One Night in MiamiPosted on: 25 October 2016 by Laurence Green
Laurence Green reviews Kwame Kwei-Armah's play, One Night in Miami which draws on real life events from the life of legendary boxing champion, Muhammad Ali.
Muhammad Ali died in June and now the legendary boxing champ has been theatrically reborn: young once again blazing with energy and with his future ahead of him, but the world already at his feet in Kemp Power's speculative and absorbing bio-drama, One Night in Miami (Donmar Warehouse), directed by British actor turned playwright Kwame Kwei-Armah. The play draws on real events, yet imagines a pivotal moment in history that never actually happened.
It is February 1964 and a 22-year-old Cassius Clay has just won the heavy weight boxing title against Sonny Liston. But instead of hitting the town, he chooses to celebrate in a Miami hotel room with his three closest friends: activist Malcolm X, singer Sam Cooke and American football star Jim Brown.
To the outside world they were American icons. But in that hotel room, here were four men who understood each other and their moment in history, in a way that no one else could. With the civil rights movement stirring outside and the melody ‘A Change is Gonna Come’ hanging in the air, these men would emerge from that room ready to define a new world.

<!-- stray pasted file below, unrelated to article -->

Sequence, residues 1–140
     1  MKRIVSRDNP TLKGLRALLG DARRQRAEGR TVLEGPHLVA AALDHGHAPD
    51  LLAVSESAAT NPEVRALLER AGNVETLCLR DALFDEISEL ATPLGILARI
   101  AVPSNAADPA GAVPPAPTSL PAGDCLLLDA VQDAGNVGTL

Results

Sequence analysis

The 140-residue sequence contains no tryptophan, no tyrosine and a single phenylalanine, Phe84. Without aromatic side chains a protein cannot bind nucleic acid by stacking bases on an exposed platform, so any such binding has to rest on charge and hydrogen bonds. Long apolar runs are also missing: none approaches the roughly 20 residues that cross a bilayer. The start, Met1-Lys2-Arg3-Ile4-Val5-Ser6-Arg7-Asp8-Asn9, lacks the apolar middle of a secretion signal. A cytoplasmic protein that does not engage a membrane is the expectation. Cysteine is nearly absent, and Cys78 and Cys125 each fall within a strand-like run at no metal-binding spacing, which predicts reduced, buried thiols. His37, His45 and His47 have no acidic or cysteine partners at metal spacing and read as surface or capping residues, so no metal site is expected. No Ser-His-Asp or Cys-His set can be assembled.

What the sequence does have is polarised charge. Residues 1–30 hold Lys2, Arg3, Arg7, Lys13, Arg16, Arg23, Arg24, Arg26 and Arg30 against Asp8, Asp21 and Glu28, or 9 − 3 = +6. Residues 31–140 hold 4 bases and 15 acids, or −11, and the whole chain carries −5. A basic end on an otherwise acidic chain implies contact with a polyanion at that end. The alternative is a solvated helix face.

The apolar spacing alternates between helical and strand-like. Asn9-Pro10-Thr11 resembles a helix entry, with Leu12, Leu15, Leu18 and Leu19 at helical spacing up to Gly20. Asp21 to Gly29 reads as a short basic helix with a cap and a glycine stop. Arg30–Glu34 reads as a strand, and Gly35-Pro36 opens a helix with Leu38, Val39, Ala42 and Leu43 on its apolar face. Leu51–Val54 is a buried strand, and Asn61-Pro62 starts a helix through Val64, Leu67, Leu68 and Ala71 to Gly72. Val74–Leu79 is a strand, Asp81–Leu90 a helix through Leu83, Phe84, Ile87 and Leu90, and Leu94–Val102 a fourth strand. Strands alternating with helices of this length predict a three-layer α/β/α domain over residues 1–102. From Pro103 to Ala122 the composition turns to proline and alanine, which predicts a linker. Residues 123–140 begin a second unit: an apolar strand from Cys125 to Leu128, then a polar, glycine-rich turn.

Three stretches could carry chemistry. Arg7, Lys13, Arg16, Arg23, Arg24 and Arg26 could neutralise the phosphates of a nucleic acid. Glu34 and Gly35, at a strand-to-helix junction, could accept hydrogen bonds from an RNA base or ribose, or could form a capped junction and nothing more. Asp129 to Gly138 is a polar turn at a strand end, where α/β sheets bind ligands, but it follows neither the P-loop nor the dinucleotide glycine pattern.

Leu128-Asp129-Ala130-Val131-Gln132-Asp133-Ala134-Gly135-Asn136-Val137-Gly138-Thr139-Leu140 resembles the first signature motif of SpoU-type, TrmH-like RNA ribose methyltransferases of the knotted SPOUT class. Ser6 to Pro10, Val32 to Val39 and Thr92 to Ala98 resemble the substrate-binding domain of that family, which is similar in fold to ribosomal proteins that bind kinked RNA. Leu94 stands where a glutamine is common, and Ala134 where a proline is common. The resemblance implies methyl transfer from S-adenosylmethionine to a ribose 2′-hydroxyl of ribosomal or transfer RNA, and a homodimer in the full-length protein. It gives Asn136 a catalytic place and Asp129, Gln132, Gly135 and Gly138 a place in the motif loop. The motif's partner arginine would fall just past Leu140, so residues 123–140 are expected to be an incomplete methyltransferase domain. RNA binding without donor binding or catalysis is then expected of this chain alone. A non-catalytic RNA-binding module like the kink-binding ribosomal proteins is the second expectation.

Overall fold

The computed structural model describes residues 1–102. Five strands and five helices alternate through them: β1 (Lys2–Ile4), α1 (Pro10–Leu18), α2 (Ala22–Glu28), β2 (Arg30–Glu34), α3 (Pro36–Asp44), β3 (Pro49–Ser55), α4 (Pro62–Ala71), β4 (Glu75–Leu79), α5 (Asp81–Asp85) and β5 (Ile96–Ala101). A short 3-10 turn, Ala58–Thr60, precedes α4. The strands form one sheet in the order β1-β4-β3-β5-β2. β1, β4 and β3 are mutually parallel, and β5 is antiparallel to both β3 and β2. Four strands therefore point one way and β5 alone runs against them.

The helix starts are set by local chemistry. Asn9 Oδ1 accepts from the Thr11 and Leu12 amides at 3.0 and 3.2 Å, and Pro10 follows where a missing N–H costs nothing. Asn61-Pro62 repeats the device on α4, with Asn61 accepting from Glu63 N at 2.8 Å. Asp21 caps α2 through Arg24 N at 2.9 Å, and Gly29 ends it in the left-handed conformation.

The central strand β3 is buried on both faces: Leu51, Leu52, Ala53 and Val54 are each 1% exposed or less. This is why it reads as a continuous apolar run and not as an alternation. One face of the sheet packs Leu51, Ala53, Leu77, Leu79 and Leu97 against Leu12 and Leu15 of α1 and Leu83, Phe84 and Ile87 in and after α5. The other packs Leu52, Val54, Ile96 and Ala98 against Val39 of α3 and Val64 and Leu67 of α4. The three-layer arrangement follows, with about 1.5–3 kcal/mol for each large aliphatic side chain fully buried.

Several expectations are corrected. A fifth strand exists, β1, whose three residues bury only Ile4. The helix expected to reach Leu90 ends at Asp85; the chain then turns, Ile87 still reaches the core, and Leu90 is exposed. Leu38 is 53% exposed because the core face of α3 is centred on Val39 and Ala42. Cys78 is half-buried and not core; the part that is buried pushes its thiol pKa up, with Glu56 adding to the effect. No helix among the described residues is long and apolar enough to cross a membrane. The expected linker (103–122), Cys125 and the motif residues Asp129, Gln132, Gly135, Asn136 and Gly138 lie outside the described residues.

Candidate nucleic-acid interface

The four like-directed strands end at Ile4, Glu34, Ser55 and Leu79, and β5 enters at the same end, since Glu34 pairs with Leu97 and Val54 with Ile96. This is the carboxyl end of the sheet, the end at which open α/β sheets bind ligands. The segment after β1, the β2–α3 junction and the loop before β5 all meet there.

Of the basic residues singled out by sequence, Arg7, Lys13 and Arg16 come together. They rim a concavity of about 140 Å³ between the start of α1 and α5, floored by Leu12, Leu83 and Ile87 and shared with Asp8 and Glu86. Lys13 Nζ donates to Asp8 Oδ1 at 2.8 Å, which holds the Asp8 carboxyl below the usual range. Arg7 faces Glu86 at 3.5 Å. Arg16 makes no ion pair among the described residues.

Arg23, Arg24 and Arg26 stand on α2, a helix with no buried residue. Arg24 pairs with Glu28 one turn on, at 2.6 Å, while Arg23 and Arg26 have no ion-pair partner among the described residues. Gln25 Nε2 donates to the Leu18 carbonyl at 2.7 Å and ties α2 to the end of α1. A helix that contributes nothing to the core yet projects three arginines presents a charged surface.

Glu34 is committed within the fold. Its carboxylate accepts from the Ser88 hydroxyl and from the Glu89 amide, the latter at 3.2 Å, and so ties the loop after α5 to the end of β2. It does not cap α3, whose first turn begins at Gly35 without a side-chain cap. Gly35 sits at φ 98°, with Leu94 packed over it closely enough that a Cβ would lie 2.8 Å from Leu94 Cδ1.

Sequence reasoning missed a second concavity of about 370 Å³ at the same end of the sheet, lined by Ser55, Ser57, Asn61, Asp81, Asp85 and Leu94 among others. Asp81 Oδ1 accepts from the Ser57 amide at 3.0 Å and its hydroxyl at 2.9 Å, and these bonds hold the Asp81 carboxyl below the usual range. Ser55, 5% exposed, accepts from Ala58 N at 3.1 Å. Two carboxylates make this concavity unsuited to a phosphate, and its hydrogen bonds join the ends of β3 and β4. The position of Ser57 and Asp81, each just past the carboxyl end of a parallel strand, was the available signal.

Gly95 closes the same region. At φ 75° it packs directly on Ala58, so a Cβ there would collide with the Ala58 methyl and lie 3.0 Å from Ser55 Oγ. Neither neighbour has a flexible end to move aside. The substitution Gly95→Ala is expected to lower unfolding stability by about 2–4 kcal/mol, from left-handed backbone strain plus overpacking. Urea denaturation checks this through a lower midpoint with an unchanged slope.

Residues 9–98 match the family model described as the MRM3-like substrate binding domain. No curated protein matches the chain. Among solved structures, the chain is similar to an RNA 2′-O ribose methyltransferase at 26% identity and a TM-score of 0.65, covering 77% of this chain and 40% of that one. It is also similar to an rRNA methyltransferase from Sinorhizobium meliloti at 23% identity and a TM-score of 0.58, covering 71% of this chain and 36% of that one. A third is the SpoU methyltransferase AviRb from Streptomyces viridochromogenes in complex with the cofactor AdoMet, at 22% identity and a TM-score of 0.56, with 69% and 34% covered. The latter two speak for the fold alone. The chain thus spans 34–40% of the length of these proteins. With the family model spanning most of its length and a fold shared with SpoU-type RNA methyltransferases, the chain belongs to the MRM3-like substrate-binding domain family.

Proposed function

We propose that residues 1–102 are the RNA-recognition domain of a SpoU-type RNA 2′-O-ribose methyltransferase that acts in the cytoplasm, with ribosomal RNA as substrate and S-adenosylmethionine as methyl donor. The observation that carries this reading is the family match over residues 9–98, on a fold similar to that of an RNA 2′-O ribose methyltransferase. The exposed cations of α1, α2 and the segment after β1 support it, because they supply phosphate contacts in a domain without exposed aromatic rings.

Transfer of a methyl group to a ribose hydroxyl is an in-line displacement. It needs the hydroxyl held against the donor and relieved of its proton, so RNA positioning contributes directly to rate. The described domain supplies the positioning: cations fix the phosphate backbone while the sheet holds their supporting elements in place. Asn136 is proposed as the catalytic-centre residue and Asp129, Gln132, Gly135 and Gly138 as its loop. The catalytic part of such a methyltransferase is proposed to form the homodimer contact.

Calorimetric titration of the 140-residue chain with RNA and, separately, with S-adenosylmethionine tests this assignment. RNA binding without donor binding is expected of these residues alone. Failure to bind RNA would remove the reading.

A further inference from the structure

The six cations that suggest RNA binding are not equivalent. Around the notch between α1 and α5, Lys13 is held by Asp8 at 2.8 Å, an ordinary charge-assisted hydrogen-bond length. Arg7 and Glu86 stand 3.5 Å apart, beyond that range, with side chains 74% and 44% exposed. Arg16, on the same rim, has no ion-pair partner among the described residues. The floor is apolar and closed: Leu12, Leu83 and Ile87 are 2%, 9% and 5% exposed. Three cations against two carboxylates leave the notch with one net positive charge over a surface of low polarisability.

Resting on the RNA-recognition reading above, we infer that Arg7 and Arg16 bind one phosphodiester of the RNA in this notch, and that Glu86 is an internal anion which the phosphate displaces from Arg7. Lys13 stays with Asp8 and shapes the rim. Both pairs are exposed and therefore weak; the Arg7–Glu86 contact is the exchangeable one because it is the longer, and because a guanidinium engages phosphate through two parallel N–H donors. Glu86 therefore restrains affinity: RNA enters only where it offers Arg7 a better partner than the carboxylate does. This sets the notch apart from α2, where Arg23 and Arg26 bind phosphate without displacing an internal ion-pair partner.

Indeed the new world that the heavyweight champion Cassius Clay would make begins with the ‘official transition’ from one name (with its slave connotations) under the guidance of Malcolm X.
This play presents a snapshot of Black America rather than an in-depth examination, creating a call-and-response, sometimes supportive, sometimes combative between different visions of what blackness can mean at tipping point in American racial history. The verbal sparring between the characters, however, is both witty and insightful. There is a grudge match between Malcolm X and Sam Cooke, the former asking why the famous singer prefers ineffectual schmaltz to racial-minded music, and the latter responding with persuasive arguments: he’s wooing the white folk, making his living from them.
Kwame Kwei-Armah draws top-flight performances from his main quartet of actors. Sope Dirisu brings a mixture of charm and mischief to the role of Ali, together with a callowness that is understandable in a man of his age but unbecoming in a hero. Francois Battiste makes a complex and introspective Malcolm X, combining angry clarity and a gift for getting other people’s attention, while remaining rather aloof. David Ajala impresses as the robust, yet frustrated Jim Brown, while Arinzé Kene brings hidden depths as well as a canny business sense to the role of Same Cooke, and his rendering of the tune ‘Somebody Have Mercy on Me’, is one of the highlights of the show.
Furthermore the production has fluidity, which although set in a hotel room, prevents it from being static and claustrophobic. The result is a fascinating evening in the theater!
One Night in Miami
Showing at the Donmar Warehouse until 3 December 2016
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